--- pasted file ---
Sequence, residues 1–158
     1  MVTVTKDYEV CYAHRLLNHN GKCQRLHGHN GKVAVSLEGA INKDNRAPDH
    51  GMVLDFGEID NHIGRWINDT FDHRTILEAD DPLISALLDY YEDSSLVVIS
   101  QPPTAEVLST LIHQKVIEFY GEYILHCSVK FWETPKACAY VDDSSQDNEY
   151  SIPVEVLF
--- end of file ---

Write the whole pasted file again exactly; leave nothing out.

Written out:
Sequence, residues 1–158
     1  MVTVTKDYEV CYAHRLLNHN GKCQRLHGHN GKVAVSLEGA INKDNRAPDH
    51  GMVLDFGEID NHIGRWINDT FDHRTILEAD DPLISALLDY YEDSSLVVIS
   101  QPPTAEVLST LIHQKVIEFY GEYILHCSVK FWETPKACAY VDDSSQDNEY
   151  SIPVEVLF